About the Authors
Kirsten Potter has won several awards, including more than a dozen AudioFile Earphones Awards and been a three-time finalist for the prestigious Audie Award for best narration. Her work has been recognized by the National Foundation for Advancement in the Arts and by AudioFile magazine, among many others. She graduated with highest honors from Boston University and has performed on stage and in film and television, including roles on Medium, Bones, and Judging Amy.
Lucy Maud Montgomery (1874–1942) was one of the most famous Canadian writers of the twentieth century. In her lifetime, Lucy published twenty novels and some 500 short stories and poems. Her writing, rich in imagination and full of lessons in optimism, brought her international fame and remains popular today.
Louisa May Alcott (1832–1888) was born in Germantown, Pennsylvania. Educated by her father until she was sixteen, she also studied under Henry David Thoreau, Ralph Waldo Emerson, and Theodore Parker. A prolific writer, her most famous work was Little Women, a timeless American classic.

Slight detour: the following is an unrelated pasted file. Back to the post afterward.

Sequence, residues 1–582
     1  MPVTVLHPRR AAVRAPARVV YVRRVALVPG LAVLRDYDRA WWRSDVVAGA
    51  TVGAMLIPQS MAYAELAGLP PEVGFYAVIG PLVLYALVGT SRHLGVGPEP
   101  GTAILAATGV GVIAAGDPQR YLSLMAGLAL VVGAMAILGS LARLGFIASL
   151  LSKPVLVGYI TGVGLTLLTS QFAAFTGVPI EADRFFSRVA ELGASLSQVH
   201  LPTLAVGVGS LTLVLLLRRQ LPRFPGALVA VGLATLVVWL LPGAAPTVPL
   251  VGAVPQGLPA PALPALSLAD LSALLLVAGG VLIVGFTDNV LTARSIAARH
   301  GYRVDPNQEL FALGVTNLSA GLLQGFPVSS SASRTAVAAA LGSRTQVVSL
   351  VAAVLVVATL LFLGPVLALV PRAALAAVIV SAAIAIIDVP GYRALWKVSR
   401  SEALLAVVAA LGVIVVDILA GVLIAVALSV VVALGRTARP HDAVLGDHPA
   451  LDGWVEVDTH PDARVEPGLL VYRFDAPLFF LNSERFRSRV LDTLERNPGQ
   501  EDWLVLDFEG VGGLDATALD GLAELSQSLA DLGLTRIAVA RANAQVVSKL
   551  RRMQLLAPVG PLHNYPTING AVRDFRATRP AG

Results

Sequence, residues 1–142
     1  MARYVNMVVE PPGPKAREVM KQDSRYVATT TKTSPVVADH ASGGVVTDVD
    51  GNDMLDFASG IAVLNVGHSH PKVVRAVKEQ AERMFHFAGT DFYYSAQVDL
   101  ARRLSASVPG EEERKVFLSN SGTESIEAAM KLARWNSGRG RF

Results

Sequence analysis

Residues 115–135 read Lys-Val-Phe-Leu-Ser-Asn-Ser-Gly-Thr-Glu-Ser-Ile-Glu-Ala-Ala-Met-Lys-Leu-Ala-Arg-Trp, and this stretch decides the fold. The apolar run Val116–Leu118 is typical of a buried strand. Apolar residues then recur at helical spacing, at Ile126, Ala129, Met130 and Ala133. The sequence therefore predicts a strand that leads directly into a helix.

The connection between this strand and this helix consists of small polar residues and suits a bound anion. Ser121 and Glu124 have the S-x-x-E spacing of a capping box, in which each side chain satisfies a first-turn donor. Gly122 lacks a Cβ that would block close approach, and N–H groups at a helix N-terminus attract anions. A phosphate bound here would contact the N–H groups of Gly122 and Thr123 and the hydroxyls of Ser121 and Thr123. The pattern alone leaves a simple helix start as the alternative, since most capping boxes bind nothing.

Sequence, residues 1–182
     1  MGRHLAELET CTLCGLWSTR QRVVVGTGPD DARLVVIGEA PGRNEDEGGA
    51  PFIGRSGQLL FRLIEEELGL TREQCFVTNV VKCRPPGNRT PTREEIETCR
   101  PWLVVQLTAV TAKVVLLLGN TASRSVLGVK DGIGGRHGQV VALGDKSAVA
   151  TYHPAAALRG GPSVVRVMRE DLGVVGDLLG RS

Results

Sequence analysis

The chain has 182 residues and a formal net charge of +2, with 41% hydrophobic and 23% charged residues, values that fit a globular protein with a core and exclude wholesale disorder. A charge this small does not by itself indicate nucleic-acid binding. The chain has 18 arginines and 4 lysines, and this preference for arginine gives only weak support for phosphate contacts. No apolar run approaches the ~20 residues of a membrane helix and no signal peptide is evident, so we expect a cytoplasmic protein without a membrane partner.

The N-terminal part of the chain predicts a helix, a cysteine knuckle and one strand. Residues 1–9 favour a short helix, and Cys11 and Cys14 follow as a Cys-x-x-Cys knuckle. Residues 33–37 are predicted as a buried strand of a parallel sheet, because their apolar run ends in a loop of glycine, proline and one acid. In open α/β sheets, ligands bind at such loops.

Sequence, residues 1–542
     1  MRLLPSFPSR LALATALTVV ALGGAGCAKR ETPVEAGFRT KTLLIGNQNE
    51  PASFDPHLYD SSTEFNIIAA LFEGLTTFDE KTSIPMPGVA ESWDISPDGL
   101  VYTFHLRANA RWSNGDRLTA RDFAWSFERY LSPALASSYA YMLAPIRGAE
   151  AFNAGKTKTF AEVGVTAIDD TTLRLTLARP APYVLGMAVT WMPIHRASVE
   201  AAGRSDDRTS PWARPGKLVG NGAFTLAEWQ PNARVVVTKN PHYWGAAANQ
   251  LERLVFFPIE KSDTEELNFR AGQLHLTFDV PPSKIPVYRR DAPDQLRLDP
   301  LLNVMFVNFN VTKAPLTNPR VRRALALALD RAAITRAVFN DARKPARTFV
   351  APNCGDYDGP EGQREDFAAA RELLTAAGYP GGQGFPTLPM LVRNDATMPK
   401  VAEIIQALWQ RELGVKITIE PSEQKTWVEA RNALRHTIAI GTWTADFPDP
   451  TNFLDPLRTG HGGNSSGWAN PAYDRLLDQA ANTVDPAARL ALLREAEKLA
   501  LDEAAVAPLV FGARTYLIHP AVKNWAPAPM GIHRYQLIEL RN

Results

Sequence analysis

Hans Christian Andersen (1805–1875) was born in Odense, Denmark, the son of a poor shoemaker and a washerwoman. As a young teenager, he became quite well known in Odense as a reciter of drama and as a singer. When he was fourteen, he set off for the capital, Copenhagen, determined to become a national success on the stage. He failed miserably, but made some influential friends in the capital who got him into school to remedy his lack of proper education. In 1829 his first book was published. After that, books came out at regular intervals. His stories began to be translated into English as early as 1846. Since then, numerous editions, and more recently Hollywood songs and Disney cartoons, have helped to ensure the continuing popularity of the stories in the English-speaking world.
Charles Dickens (1812–1870) was born in Landport, Portsmouth, England, the second of eight children in a family continually plagued by debt. A legacy brought release from the nightmare of debtors’ prison and child labor and afforded him a few years of formal schooling. He worked as an attorney’s clerk and newspaper reporter until his early writings brought him the amazing success that was to be his for the remainder of his life. He was the most popular English novelist of the Victorian era, and he remains popular, responsible for some of English literature’s most iconic characters.
Henry Van Dyke
(1852-1933) was an American author and clergyman. He graduated from Princeton
University and Princeton Theological Seminary, and later served as a professor
of English literature at Princeton. Among his best known works are The Other Wise Man, The First Christmas Tree, and his poem Time Is.